So when we read the apocalypse passages we see them through the lens of violent imposition of one’s will over another, and all other imposing authority models. We cannot see Christ’s enemies submitting to him voluntarily, so they must be forced, mustn’t they?
    And yet it seems so counter to all that Father reveals to us through his Son, by the Spirit. The danger is we theologise from what is acceptable to us, not a good standard.
    I was troubled by this and pondered, but could not seem to connect with Roger’s approach to answering the problem posed. So rather than squeeze myself through I saw a different approach.
    I may have touched on this before, but to me seeing Jesus’ exousia is key. ‘All authority (exousia) in heaven and on earth has been given to me…” Matthew 28:18.
    I know there is inherent danger in philologising, but the root meaning of exousia is to me so instructive as to be essential – ‘out of (my) being/substance’. It seems to resound with echos of Exodus 3 and the I AM tetragrammaton. Jesus’ authority ‘over’ us will never need to be imposed by force it simply is. Whenever he is revealed his exousia is seen and knees bow, tongues confess.
    Proof text required? Look at John 18, on being betrayed he openly declares his nature and his arresting party fall to the ground, at which point he gives himself over to the hands of sinful men.
    Another? Colossians 2:15, at the point of Jesus’ greatest frailty and meekness he triumphs. His power is perfected in weakness (Interesting text 2Cor 12:9, could read here that power is designed [teleitai] for weakness, look it up).
    Jesus’ victory has already been won, it won’t even be a case of convincing a few recalcitrant sinners, it will simply be revealed. Isn’t that what apocalypse means anyway.
    So why quote Daniel at the beginning? Simply because the LXX has exousia where we read dominion
    Blessings
    Hywel

  6. Thanks Hywel,
    I like this and find the work on exousia very helpful. With love Roger

  7. Great discussion.

    I wade in with due diffidence, unwilling to throw too many cats among pigeons but characteristically unable to resist an opportunity to be provocative. I’m not sure we can satisfactorily refer to ideas like ‘divine sovereignty’ without being more than explicit about the fact that they are oxymorons. I think these ideas can trip us up! To be divine (and therefore completely kenotic like Jesus) and to be equally sovereign (and therefore the holder of supreme power) is like talking about beautiful awfulness. Oxymorons enable either a tension to be revealed or a way of reaching for an idea beyond our ideas.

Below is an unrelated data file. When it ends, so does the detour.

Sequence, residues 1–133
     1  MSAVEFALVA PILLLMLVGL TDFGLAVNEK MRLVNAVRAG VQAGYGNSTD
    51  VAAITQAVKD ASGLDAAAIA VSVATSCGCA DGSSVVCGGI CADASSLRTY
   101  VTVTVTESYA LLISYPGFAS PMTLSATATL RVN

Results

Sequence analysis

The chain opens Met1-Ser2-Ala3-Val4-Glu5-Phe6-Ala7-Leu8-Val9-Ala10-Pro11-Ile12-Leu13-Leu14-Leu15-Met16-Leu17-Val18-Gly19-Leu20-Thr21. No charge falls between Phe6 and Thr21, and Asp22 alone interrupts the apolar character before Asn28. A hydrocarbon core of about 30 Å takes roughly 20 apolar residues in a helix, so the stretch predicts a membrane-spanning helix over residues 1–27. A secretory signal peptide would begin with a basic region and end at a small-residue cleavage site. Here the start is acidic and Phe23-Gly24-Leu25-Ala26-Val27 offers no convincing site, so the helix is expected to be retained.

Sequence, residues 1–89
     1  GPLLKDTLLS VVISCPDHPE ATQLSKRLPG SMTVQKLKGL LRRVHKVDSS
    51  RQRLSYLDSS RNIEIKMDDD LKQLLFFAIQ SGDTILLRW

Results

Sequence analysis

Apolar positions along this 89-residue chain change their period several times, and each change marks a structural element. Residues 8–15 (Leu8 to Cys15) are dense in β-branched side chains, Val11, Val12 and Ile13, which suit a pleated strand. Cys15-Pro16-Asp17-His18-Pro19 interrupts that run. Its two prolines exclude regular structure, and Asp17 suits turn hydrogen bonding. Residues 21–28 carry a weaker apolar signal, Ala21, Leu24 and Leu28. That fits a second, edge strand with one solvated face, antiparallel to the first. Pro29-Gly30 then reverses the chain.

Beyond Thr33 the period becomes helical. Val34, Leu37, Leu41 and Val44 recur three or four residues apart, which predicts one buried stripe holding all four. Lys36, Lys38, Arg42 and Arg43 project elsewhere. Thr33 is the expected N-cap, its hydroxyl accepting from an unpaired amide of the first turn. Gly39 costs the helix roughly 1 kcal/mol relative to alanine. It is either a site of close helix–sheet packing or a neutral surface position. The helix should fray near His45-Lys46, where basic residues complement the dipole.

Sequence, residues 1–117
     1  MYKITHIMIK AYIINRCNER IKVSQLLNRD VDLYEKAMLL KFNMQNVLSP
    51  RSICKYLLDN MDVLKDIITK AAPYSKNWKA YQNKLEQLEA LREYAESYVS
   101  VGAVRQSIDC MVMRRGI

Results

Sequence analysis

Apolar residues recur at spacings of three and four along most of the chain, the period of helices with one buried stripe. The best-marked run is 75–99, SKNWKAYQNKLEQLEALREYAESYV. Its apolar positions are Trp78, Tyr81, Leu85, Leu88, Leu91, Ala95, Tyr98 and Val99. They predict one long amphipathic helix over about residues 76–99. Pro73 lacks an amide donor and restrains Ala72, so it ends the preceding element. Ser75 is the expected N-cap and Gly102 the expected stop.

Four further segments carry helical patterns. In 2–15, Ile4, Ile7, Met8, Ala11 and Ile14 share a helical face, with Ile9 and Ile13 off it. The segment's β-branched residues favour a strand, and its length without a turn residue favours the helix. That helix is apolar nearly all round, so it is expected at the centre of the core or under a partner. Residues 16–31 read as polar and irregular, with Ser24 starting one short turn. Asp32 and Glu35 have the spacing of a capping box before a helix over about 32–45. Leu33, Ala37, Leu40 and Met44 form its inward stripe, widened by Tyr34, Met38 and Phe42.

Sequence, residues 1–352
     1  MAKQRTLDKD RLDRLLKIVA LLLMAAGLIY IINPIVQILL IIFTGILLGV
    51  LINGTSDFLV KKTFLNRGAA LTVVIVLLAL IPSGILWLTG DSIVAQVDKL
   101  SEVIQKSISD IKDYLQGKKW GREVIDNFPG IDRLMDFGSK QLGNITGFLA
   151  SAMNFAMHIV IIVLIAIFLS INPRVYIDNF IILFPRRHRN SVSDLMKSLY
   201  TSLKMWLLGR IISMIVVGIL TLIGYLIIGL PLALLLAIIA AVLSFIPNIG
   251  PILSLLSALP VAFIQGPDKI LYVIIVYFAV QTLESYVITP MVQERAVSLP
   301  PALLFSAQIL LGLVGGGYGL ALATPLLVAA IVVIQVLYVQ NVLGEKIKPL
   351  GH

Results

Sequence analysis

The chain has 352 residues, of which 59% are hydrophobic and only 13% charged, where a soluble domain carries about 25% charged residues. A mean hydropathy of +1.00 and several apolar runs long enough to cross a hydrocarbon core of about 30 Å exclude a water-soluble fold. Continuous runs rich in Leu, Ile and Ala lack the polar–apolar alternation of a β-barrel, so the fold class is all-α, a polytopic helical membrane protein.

The Son of Man/divinity of the incarnation is without sovereignty. But his kenosis (life laying down unto death) precipitates resurrection showing that this is more powerful than the great powers of death.

    Could it be possible then for God to be a ‘force without force’, a ‘power of powerlessness’ because what makes him divine is his propensity to be kenotic? He is not then, in any sense that human philosophy has devised, ‘sovereign’… and that is what makes him God. He does not resort to an ability to take away life (or punish eternally) in order to be powerful. His potency is the potency of gift: of refusing power and loving unconditionally. Power is not power and sovereignty is not sovereignty.

    Perhaps others will take different views but this question of sovereignty needs further cracking/unpacking. Without cracking it properly, God can sovereignly withhold his kenosis and punish whom he damn [sic] well pleases (unless, in doing so this negates his ‘sovereignty’). That’s unsatisfactory and it’s not Jesus. Without cracking it properly, I suspect the king complex will live on – shrouded in the sovereignty of the god who must in the end be pleased. Personally, for a host of reasons, I’d be more than happy to dispense with sovereign as a word to describe God (though my objection is more than semantic).

    Anyway, isn’t this the task necessitated by Pete’s questions? I’m not sure there is much disparity between the apocalyptic and the incarnate, but there is certainly a tension between the popular God and the one who is coming.

    [But this might take us to our erstwhile impasse Roger?]